made

the

old-fashioned ideal
angel,' the

thing.

of

of

femininity, 'the

domestic

gentle and refining influence

Now

these

'

sort of

sedentary fireside tabby-cats

Norway have been

trained, they say,

by the

snow-shoes into lithe and audacious creatures, for

whom

no night

is

too dark or height too giddy,

and who are not only saying good-bye


tional feminine pallor

and delicacy

to the tradi-

of constitution,

but actually taking the lead in every educational

MUSCULAR TONE AND INNER MOOD


and

social reform.

cannot but think that the

tennis and tramping and skating habits

which

bicycle-craze

among our dear

205

are

sisters

extending

rapidly

so

and the

and daughters

in

this

country are going also to lead to a sounder and

moral tone, which will

heartier

breath through
I

send

our American

all

tonic

its

life.

hope that here in America more and more the

ideal of the well-trained

and vigorous body

will

be maintained neck by neck with that of the welltrained and vigorous

mind

as

halves of the higher education for

The strength

alike.

two coequal

the

men and women

of the British

Empire

lies in

the strength of character of the individual Englishman, taken


strength, I

am

persuaded,

is

letic

outdoor

life

which

and

recollect, years

that

perennially nourished

and kept up by nothing so much


tional worship, in

And

alone by himself.

all

all classes

as

by the na-

meet, of ath-

sport.

ago, reading a certain

work

by an American doctor on hygiene and the laws


of life

and the type of future humanity.

forgotten

member

its

author's

name and

its title,

well an awful prophecy that

it

about the future of our muscular system.


perfection, the writer said,

means

have

but I

re-

contained

Human

ability to cope

TALKS TO STUDENTS

206

with the environment; but the environment will

more and more require mental power from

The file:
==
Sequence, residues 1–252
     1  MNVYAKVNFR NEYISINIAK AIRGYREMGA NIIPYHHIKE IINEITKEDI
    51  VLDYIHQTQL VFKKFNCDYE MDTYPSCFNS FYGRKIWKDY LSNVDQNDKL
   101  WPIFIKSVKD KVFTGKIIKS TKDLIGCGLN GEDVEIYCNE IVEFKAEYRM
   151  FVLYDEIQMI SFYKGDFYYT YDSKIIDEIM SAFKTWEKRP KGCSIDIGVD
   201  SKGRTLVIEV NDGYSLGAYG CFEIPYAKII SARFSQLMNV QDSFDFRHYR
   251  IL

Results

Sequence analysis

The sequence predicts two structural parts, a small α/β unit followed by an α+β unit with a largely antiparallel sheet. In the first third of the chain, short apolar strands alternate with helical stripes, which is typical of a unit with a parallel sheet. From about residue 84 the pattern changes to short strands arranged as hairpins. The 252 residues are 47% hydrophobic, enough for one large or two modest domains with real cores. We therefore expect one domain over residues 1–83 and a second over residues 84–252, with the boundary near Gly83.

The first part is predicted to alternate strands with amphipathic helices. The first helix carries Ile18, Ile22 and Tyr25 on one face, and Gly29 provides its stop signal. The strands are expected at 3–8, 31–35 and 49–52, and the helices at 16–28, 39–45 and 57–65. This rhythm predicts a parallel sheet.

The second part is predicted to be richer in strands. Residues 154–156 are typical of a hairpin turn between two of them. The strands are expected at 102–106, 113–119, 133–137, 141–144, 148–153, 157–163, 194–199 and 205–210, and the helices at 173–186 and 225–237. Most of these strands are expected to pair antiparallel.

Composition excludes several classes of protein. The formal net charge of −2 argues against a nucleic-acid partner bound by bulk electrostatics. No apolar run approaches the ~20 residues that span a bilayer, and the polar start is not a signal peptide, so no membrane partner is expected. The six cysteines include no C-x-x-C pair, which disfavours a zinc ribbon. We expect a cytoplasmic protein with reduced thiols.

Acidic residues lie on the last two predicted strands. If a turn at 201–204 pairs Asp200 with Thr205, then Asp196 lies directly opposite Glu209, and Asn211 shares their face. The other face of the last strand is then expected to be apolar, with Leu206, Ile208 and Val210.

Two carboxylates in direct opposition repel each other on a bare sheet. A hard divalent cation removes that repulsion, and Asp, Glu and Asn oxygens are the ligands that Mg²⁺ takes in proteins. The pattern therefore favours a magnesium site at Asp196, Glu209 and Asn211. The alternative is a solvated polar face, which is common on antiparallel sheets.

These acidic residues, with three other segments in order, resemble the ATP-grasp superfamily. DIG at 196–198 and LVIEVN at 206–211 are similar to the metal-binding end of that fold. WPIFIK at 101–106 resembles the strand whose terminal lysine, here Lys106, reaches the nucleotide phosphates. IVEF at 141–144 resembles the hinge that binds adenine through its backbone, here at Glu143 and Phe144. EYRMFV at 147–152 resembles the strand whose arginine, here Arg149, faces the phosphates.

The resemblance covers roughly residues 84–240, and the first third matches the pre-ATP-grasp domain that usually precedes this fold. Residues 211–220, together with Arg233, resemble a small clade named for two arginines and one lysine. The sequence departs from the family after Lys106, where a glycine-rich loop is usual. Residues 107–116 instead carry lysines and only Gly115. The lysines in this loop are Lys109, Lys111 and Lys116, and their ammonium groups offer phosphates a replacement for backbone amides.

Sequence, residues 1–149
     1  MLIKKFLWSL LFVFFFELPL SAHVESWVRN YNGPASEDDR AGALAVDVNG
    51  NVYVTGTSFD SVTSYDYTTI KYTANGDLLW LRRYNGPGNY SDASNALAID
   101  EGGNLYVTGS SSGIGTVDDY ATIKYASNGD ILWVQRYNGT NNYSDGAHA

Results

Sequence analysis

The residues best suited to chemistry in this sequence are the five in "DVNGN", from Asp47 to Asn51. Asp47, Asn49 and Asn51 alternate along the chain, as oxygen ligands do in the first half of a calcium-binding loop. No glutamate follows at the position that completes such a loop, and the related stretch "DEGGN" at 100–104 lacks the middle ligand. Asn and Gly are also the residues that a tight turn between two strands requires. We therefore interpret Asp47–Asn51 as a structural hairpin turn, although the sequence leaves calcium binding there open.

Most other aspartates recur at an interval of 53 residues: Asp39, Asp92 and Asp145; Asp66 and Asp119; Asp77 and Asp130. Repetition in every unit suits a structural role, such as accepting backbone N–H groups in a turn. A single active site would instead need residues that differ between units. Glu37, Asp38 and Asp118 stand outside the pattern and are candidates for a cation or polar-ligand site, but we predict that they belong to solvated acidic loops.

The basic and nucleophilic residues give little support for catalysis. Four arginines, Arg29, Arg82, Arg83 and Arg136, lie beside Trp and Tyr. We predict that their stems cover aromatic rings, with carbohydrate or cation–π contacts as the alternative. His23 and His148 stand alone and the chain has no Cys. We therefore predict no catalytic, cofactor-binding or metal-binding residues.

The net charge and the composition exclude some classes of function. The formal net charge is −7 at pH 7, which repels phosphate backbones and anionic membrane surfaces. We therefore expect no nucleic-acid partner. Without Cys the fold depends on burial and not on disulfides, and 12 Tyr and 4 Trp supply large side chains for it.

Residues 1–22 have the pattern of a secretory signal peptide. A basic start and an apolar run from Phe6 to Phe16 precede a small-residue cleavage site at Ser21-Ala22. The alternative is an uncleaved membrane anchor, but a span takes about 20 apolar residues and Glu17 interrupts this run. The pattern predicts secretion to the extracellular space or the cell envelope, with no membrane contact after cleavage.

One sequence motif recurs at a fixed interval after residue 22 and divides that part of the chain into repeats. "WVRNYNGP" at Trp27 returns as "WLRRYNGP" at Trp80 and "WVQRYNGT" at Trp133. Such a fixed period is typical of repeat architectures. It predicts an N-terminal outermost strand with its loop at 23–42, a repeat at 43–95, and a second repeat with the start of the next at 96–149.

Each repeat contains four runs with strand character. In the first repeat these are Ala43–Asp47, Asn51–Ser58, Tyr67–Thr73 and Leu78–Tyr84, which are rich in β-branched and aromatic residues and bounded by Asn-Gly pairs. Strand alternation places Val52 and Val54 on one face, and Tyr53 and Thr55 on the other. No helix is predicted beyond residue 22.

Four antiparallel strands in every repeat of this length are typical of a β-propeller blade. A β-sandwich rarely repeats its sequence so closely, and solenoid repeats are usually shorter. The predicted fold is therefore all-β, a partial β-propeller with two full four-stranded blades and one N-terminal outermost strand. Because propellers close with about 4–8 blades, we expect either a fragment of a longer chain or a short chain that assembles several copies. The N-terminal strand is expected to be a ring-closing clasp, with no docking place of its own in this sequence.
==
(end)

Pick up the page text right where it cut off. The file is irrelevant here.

less

and

less

will

us,

and

ask for bare brute strength.

our heavy

Wars

will cease,

machines will do

work,

man

become more and more a mere

will

and

director of nature's energies,

exerter of energy on his

own

all

less

and

account.

less

So

an

that, if

the homo sapiens of the future can only digest his

food and think, what need will he have of well-

And

developed muscles at all?


this writer,

should

why, pursued

we not even now be


and

with a more delicate

satisfied

type of

intellectual

beauty than that which pleased our ancestors?

Nay,

have heard a fanciful friend make a

further

advance

With our
in liquid

in

this

future food, he

'new-man'
says,

itself

direction.

prepared

form from the chemical elements

atmosphere, pepsinated

or

still

half-digested

of the

in

ad-

vance, and sucked up through a glass tube from

we have of teeth, or
They may go, along with our

a tin can, what need shall

stomachs even?

muscles and our physical courage, while, challenging ever more and more our proper admiration,
will

grow the gigantic domes

of oar crania, arch-

ing over our spectacled eyes, and animating our


flexible little lips to those floods of learned

and

MUSCULAR TONE AND INNEB MOOD


ingenious

talk

which

207

most

will constitute our

congenial occupation.
I

am

sure that your flesh creeps at this apoca-

Mine

lyptic vision.

certainly did so

and

I can-

not believe that our muscular vigor will ever be a

Even

superfluity.
it

will not be

against

battles

needed
ity,

if

needed

and cheerfulness

ity to

which

for fighting the old

heavy

Nature,

to furnish the

it

will

to

life,

moral

to give

off the

Weakness

call irritable

that blessed internal peace


acquiescentia in seipso,

that wells

sanity, serenelastic-

wiry edge

and make us good-humored

and easy of approach.


be what the doctors

always be

still

background of

our disposition, to round

of our fretfulness,

dawns

in

the day ever

is

too apt to

And

weakness.

and confidence, that

as Spinoza

up from every part

used to

of the

muscularly well-trained

human

the indwelling soul of

him with

call

body

it,

of a

being, and soaks


satisfaction,

quite apart from every consideration of

its

is,

me-

chanical utility, an element of spiritual hygiene


of supreme significance.

And now

let

me go

a step deeper into mental

hygiene, and try to enlist your insight and sym-

pathy in a cause which

mount

I believe is